"IT HAS RAINED, IT HAS POURED
Please Help, My Toddler’s Bored!"

Julie Jenkins Sathe
Author of “ENLIGHTENED DISCIPLINE”

Remember what it is like to be young. Put aside the dishes and the housework, step away from the computer and really, really think about being that young child. Remember blanket forts? Remember blocks and boxes, simple household items that are imagined into life? Remember tea parties and dress up? Remember peek-a-boo and slap jack?

Appreciate today. Not yesterday. Not tomorrow. Really look and listen to your child as they play, speak, ask and discover. Ask them questions. Answer the ones that they ask. “Why the sky blue, why is is that lady here, why can’t I have more syrup?” No matter what the question, decide you will answer it…today. “The sky has always been blue during the day…unless it’s cloudy or stormy. Let’s make sure we watch it when it’s yellow or black, okay?” “That lady is here because it’s a restaurant and she wants food, too.” “You have so much syrup on your pancakes anymore will not be healthy.”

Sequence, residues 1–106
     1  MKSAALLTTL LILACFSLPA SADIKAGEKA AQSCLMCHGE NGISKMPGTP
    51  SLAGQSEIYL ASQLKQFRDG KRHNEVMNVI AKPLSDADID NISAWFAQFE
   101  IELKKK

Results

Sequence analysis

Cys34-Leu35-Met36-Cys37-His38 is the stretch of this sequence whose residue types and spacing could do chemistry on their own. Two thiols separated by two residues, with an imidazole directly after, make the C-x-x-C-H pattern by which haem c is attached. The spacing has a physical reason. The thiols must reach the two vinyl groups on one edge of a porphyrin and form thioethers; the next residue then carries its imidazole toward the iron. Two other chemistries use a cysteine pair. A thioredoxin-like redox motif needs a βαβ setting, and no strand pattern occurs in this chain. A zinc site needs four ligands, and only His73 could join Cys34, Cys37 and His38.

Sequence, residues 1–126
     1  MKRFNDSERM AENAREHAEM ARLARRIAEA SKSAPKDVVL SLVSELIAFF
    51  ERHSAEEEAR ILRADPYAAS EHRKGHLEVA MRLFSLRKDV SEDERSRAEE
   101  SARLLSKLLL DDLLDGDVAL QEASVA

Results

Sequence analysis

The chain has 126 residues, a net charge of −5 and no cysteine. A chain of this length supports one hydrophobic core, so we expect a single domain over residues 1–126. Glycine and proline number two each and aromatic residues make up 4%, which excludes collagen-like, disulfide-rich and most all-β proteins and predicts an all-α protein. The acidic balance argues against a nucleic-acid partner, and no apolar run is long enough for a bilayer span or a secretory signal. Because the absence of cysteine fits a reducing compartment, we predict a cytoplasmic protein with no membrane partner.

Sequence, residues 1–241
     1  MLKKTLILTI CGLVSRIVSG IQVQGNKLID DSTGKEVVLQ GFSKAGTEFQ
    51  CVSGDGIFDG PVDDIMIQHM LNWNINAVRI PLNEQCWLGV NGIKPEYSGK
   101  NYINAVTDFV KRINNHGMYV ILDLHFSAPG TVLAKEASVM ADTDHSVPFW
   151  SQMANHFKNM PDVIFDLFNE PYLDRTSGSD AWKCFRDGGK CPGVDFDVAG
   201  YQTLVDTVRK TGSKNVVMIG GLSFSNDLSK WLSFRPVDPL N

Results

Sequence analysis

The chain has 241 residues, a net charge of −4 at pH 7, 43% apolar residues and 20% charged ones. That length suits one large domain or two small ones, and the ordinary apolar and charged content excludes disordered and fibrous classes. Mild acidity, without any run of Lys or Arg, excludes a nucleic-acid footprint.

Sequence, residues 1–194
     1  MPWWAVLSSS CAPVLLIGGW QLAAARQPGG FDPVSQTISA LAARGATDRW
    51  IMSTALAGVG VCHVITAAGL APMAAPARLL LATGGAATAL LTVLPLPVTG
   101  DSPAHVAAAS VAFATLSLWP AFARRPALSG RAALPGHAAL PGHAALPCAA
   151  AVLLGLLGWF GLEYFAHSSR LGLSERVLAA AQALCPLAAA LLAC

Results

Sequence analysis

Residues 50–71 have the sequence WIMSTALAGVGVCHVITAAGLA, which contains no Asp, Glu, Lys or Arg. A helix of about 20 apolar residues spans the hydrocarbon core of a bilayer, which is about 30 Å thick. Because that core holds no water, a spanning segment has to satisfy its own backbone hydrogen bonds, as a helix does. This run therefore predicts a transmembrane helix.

Invent games and fun without batteries or electricity. See if you can inspire fun with dress up hats, boxes for blocks, cards for house building, board games or guessing games. Imagine again.

Notice all of the things is your home that can be made into fun. A bowl of water, a dollop of liquid soap and a whisk will keep your toddler happy for maybe 30 minutes. Folding laundry? Ask your toddler to help. They can meet the four corners of all the wash clothes (don’t fix them, either.) Got a couple of liquid measuring cups? Set up two on a small tray. Fill one with water (add a drop of food coloring for fun) let them practice pouring. Don’t forget a sponge or a washcloth for spills and prepare yourself for spills. Let your child choose magazine or catalogue photos and tear them out and glue a collage. You could make this a theme for an older child or preschooler: find everything blue, find animal pictures, find pictures with wheels! Let ‘em rip and tear, older kids can cut for a cleaner edge. Decide the mess is worth it.


back to article library